May 2018

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Where Can Assistance Animals Go?
New Law: Requires Copies of Leases and Receipts for Rent

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Volume 19 • Issue 5 MAY 2018



3600 South Yosemite Street Suite 828, Denver, Colorado 80237

Denver Phone 303.766.8004 FAX Completed Eviction Forms To: 303.766.1181 or 303.766.1819

Colorado Springs Phone 719.550.8004 FAX Completed Eviction Forms To: 719.227.1181



Should a tenant’s assistance animal be allowed to

go wherever the tenant goes around the community? If

the tenant goes to the clubhouse, fitness room, or business

center, can

their assistance

animal go with

them? Is a tenant’s


animal allowed

at the pool?

Is a tenant’s assistance


allowed in the pool? With community pools about to

open, now is a good time to answer this question. Based

on risk analysis alone, in most instances, landlords should

not challenge where an assistance animal is allowed.

However, as with many fair housing questions there’s not

a simple yes or no answer. This month we take a deep

dive to clarify this complex topic.

Because the Internet is rife with misleading

information, landlords sometimes get confused about the

terms assistance animal, service animal, and emotional

support animal. Accordingly, before we talk about where

assistance animals can go in your community, let’s take a

moment to clarify some terms. Under fair housing laws,

disabled tenants are entitled to assistance animals. There

are two types of assistance animals. One type is a service

animal. A service animal is an animal that is trained

to perform a specific task. The other type of assistance

animal is an emotional support animal or ESA. An ESA

does not need to be trained. An ESA meets a tenant’s disability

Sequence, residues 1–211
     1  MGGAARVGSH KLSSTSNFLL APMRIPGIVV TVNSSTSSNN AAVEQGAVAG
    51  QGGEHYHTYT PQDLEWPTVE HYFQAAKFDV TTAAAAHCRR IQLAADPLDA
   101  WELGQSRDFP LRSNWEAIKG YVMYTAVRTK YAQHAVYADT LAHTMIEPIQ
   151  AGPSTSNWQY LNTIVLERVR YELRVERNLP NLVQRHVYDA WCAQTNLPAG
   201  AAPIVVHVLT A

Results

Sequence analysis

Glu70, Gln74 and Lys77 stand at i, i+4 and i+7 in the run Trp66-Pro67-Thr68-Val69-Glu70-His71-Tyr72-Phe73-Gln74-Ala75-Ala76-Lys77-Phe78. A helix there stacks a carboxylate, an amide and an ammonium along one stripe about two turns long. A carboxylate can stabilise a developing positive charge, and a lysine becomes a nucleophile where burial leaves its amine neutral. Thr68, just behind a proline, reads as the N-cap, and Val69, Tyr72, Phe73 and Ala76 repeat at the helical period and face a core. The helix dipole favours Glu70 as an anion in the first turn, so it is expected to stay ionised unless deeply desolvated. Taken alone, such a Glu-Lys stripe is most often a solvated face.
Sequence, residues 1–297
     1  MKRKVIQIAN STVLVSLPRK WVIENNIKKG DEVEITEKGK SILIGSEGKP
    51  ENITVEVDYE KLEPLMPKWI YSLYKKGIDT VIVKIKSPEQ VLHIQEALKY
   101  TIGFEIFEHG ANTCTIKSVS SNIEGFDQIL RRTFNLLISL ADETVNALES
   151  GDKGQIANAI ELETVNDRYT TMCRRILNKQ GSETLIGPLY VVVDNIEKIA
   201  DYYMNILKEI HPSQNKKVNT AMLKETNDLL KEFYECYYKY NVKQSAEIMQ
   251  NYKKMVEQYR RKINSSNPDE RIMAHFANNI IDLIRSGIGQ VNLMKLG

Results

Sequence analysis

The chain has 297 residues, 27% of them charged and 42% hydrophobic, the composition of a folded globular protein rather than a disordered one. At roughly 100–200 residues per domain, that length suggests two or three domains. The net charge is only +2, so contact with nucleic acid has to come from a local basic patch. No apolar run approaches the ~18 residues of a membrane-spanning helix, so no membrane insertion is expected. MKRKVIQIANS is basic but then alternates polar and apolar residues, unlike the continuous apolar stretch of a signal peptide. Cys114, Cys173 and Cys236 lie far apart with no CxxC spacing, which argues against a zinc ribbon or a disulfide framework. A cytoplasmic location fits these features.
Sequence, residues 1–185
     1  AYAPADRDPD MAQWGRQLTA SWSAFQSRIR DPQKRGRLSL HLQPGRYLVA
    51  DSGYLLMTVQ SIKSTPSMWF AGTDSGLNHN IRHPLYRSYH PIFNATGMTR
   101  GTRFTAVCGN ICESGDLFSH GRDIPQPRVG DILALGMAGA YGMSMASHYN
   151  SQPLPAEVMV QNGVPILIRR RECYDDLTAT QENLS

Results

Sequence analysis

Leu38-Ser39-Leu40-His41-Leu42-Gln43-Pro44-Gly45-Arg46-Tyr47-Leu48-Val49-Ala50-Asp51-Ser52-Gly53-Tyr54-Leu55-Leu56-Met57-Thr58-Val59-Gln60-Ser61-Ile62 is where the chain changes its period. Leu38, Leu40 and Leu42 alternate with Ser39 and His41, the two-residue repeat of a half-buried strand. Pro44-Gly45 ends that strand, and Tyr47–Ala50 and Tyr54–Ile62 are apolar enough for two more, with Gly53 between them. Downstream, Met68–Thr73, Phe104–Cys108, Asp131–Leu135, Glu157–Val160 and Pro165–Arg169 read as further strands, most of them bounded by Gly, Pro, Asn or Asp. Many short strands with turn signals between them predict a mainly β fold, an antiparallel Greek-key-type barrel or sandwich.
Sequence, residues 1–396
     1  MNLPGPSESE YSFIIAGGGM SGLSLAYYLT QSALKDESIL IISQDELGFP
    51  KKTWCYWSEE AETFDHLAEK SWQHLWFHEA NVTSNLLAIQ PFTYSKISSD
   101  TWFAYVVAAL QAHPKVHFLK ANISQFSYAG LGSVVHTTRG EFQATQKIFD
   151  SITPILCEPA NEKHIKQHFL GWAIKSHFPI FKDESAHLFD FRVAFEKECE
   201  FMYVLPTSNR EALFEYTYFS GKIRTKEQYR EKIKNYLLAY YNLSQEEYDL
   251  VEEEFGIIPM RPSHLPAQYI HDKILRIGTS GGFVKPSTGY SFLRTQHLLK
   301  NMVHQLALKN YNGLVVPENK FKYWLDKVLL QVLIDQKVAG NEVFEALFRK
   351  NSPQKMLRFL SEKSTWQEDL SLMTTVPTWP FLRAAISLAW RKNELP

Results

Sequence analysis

related needs by reducing disability related symptoms.

The legal requirements for a tenant to have either a

service animal or an ESA are identical.

While not as clear as it could be and without answering

every question, HUD did issue some guidance on

assistance animals in April 2013 (the “2013 Guidance”).

The 2013 Guidance explains some of the obligations that

a landlord has with respect to assistance animals. Under

continued on page 2


Copies of Leases and

Receipts for Rent

Starting in August 2018, all Colorado landlords

will be required to provide their tenants with a copy of a

lease and provide tenants with a receipt for rent received.

Senate Bill 18-010 was signed by the governor creating

new Colorado Revised Statutes (C.R.S.) §38-12-801 and

C.R.S. §38-12-802. Read a copy of the new law here These are requirements

for all landlords, there is no exception for properties

managed by an individual owner. So from a big company

managing one thousand units, to owners managing one

unit, this new law will apply to you.

Copies of Leases C.R.S. §38-12-801

This is an example of a law that should have a minor impact

on the industry,

especially with regard

to responsible landlords.

It is difficult

to imagine a situation

where a landlord and

tenant would execute

a lease agreement and the tenant would not be provided

with a copy of the agreement. However, surely a tenant

ran into this scenario and voiced their concern to their

legislator. A landlord is allowed to provide an electronic

copy of the lease agreement to their tenant. The copy

must be provided within one week of execution. The

law does not address a requirement for the landlord to

provide additional copies of the lease agreement later in

the lease term.

Mandatory Receipts C.R.S. §38-12-802

Landlords will have to provide receipts for rent. The

timing of the receipt varies by how the tenant makes their


If a tenant makes an in person payment to the

landlord with cash or a money order, a receipt must be

provided immediately.

If a tenant makes a payment that is not delivered

in person with cash or a money order, if requested by the

continued on page 2